The predictable revenue generated by a SaaS or subscription company from all its active subscriptions in a specific month. Generally, a company’s MRR includes recurring charges such as add-ons, coupons and discount codes.
This metric helps businesses create adequate budgets and predict future cash flow.
The net percentage of total MRR lost from existing subscriptions/customers during a period, taking into account the MRR gained from expansions and upgrades from your remaining customers.
Businesses should aim for a net negative churn rate as it indicates that the revenue contribution brought by the existing customer base is expanding.
Net income indicates the total profit a company has made over an accounting period after paying income taxes, business expenses and interest. (Also known as net earnings.)
The percentage of revenue that is recorded as profit.
Net profit margin is an essential metric to measure a company’s efficiency to turn sales into profit.
The ratio of recurring revenue retained from existing customers during a specific period, including upgrades and downgrades.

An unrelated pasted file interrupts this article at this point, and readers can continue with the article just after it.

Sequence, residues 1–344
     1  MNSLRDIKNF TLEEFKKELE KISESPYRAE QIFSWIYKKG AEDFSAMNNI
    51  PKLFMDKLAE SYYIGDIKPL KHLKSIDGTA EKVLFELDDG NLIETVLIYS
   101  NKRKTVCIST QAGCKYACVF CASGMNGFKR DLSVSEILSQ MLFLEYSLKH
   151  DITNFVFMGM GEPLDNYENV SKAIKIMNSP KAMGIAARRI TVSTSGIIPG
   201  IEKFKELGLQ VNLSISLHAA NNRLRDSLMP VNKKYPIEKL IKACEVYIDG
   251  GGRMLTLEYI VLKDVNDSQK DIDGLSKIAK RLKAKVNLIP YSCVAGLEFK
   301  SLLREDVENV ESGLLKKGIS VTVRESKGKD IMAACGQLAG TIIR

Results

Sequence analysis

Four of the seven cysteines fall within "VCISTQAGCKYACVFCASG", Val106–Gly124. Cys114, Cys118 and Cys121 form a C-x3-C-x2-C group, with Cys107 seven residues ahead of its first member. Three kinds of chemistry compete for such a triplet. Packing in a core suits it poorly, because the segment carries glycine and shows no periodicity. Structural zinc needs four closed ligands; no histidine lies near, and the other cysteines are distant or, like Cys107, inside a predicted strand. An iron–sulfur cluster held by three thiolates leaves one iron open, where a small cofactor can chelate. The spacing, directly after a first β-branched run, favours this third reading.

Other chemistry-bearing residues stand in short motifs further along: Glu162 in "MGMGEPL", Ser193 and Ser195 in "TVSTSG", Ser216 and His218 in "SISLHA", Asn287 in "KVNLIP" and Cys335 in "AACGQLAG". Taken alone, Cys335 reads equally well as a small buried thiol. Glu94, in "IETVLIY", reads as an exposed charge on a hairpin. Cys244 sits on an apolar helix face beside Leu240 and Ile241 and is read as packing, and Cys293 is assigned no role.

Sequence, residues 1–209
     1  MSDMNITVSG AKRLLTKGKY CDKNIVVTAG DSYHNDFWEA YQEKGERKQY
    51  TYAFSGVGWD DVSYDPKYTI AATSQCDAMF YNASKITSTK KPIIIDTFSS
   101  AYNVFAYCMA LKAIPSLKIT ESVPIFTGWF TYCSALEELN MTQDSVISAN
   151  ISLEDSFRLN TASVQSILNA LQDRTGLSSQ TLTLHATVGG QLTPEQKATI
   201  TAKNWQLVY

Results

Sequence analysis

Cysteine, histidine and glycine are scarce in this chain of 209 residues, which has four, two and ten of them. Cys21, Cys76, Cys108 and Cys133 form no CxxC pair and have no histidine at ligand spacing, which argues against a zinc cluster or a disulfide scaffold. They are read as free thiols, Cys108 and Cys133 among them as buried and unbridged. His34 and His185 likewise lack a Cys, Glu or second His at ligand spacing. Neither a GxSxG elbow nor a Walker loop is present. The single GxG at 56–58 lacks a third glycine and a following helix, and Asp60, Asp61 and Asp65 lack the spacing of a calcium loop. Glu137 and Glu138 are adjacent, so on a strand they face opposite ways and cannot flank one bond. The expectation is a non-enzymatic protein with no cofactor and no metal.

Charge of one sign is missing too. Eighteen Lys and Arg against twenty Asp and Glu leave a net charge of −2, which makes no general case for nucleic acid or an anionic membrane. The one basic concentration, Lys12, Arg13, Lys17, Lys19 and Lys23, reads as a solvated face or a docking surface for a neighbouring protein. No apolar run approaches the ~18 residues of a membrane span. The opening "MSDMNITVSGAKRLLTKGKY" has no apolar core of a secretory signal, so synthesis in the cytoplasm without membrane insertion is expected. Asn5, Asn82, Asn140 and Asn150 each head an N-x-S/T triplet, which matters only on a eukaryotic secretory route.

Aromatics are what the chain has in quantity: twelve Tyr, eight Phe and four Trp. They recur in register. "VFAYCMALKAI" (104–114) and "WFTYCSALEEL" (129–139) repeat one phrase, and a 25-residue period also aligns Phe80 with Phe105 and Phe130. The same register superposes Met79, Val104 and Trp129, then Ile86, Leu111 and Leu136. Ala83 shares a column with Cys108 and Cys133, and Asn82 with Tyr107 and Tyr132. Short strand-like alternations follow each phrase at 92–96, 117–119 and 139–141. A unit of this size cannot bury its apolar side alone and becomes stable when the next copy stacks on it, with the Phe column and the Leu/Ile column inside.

An NRR of over 100% indicates growth while a lower percentage indicates a decreasing revenue.
An index to measure a customer’s overall satisfaction with a company’s product or service and their loyalty to the brand.
On a scale of 0 to 10, customers are asked how likely they are to recommend a brand to others. Their responses determine the company’s final NPS. Scores ranging from 0 to 6 are detractors while 9s and 10s are promoters.
A company’s net income after deducting the cost of goods sold (COGS), operating expenses, amortization and depreciation.
Website visits that come from unpaid sources such as search engines queries.
Website visits from visitors who land on your website via advertisements or paid promotions such as Facebook Ads, Google Ads, or other paid traffic sources.
Such search ads allow companies to appear first and rank higher in Search Engine Results Pages (SERPs) in exchange for a fee, allowing for targeted search results, increased visibility, and greater traffic.
An indicator of a company’s short-term liquidity and ability to pay its current liabilities. Since this metric is only concerned with liquid assets, inventories from current assets are excluded from this calculation.
A quick ratio of 1 is normal. It means a company has exactly enough assets to instantly pay its current liabilities. A company with a quick ratio lower than 1 may not be able to fully pay its current liabilities in the short term, while a company with a quick ratio higher than 1 can easily cover its current liabilities.